, Volume 118, Issue 1–3, pp 61–81 | Cite as

Storm event patterns of particulate organic carbon (POC) for large storms and differences with dissolved organic carbon (DOC)

  • Gurbir Singh Dhillon
  • Shreeram InamdarEmail author


This study compared the storm event patterns, sources, and flow paths for particulate (POC) and dissolved organic carbon (DOC <0.45 μm) with a special focus on responses during large storm events. The study was conducted in a 12 ha forested catchment in the mid-Atlantic, Piedmont region of USA. A total of 14 storm events were sampled over a 16-month period (September 2010 to December 2011) including large, intense storms (precipitation >150 mm) associated with two hurricanes—Nicole (2010) and Irene (2011). Storm-event concentrations for suspended sediment (SS), POC and DOC varied between 10–7589, 0.05–252, and 0.7–18.3 mg L−1, respectively. Within-event POC concentrations continued to increase for the large hurricane storms whereas DOC displayed a dilution at peak streamflow discharge. Flow-weighted mean POC concentrations decreased for closely spaced, successive storm events whereas no such decrease was observed for DOC. These results suggest that there are important differences in the supply and transport (leaching rates and kinetics) for POC and DOC which occur at different temporal scales. The % POC content of SS was highest for the summer events. Summer events also registered a sharper increase in DOC with stream discharge and then a decline for peak flow, suggesting critical seasonal controls on storm-event POC and DOC responses. End-member mixing analysis revealed POC is transported with surface runoff while DOC is transported by saturation overland flow and rising groundwater into the soil horizons. A mixing model for sediment sources failed to identify key end-members but event mixing patterns revealed near-stream sources for small events and more distal, upland sediment sources for large and intense storms. This study highlights the need to better understand POC and DOC responses in headwater catchments especially for the large, intense, storm events that are predicted to increase in intensity with climate change.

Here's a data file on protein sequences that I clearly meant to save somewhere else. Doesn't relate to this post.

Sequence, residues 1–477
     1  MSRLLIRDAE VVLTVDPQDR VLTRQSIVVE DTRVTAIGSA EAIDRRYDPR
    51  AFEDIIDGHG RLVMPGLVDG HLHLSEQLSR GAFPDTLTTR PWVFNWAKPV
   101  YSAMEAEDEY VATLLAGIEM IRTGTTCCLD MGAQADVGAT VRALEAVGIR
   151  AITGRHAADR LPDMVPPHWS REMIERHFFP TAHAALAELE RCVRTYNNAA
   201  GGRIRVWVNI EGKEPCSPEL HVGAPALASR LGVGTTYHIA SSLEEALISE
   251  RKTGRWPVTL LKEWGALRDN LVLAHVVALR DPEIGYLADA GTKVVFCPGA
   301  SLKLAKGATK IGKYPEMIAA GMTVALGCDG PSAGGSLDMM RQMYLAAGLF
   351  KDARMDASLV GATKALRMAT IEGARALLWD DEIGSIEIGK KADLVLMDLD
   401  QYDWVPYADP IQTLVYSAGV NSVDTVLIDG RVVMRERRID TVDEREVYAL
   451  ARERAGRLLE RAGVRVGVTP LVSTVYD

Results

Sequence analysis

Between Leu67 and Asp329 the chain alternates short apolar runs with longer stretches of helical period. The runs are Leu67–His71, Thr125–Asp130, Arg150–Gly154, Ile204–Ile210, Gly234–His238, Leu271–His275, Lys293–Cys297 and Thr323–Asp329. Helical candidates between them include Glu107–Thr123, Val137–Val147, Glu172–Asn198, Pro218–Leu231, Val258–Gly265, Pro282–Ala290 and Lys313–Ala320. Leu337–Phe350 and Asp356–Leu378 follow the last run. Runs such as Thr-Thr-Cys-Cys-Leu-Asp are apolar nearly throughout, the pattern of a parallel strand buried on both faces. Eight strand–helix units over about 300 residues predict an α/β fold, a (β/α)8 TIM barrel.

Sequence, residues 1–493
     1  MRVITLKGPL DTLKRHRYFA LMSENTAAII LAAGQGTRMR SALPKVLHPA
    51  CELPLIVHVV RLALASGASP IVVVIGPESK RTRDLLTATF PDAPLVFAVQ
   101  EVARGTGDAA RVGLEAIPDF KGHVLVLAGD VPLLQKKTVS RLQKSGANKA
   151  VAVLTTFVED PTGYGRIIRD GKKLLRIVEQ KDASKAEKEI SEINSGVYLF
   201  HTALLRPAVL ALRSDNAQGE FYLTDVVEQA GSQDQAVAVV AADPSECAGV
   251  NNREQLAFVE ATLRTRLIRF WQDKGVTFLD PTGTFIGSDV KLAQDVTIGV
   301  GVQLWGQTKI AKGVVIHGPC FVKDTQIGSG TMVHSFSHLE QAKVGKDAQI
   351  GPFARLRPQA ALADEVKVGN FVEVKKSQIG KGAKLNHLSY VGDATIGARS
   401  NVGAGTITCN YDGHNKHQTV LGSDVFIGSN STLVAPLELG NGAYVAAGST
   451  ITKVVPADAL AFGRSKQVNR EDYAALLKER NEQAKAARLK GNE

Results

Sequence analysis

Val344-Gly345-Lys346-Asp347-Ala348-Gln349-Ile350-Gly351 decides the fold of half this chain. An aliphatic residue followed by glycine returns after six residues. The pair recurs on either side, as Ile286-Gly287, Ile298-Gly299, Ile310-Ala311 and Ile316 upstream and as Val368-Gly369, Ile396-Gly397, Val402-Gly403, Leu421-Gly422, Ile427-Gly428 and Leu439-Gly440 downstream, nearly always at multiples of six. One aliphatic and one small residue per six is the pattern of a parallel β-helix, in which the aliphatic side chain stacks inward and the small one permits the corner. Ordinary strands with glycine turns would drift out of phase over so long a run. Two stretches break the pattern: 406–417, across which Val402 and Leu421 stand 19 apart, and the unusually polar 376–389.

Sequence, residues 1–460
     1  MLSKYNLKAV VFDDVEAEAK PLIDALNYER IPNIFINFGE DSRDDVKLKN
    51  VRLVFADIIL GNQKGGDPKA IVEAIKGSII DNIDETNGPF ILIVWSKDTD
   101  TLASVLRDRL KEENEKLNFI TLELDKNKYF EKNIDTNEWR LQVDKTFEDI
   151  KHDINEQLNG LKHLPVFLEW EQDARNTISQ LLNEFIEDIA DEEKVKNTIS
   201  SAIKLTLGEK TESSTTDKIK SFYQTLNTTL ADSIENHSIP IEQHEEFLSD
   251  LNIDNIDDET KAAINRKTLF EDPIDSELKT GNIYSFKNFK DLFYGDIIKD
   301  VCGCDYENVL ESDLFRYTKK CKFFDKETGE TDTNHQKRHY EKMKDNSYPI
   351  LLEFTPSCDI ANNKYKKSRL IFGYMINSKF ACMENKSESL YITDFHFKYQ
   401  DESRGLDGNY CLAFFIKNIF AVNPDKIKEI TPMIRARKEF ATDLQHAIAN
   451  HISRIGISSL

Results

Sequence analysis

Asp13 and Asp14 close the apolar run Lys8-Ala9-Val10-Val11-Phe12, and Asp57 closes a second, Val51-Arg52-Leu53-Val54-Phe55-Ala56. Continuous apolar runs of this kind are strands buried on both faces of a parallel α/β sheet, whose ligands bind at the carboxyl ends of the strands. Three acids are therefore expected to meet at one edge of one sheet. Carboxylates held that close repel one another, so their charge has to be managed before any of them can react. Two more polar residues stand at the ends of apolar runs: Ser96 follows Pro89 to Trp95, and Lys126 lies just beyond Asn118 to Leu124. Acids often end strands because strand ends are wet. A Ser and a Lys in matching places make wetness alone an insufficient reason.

Climate change Organic carbon Watersheds Storm events Runoff Water quality 



The authors would like to acknowledge the support of Delaware Water Resources Center (DWRC) for providing a research assistantship to Gurbir Singh Dhillon for his master’s thesis research. Instrumentation and sampling in the study catchments was funded through an existing grant from the National Science Foundation (NSF, Hydrologic Sciences Program, EAR‐0809205). We also thank Dr. Myron Mitchell’s Biogeochemistry Laboratory at Syracuse for the analyses on water samples and Karen Gartley and the UD Soils Laboratory for the POC analyses. We would like to thank Captain Wayne Suydam and the Fair Hill NRMA staff for providing access to the study site.  We also thanks Drs. Tom Sims and Yan Jin for their suggestions and insights during Gurbir’s MS thesis research. We would also like to recognize the support of graduate student colleagues including Shatrughan Singh, Sudarshan Dutta, Rachael Vaicunas and Zhixuan Qin for sample collection and analyses.


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Copyright information

© Springer Science+Business Media Dordrecht 2013

Authors and Affiliations

  1. 1.Plant and Soil Sciences DepartmentUniversity of DelawareNewarkUSA
  2. 2.Soil Sciences DepartmentUniversity of SaskatoonSaskatoonCanada

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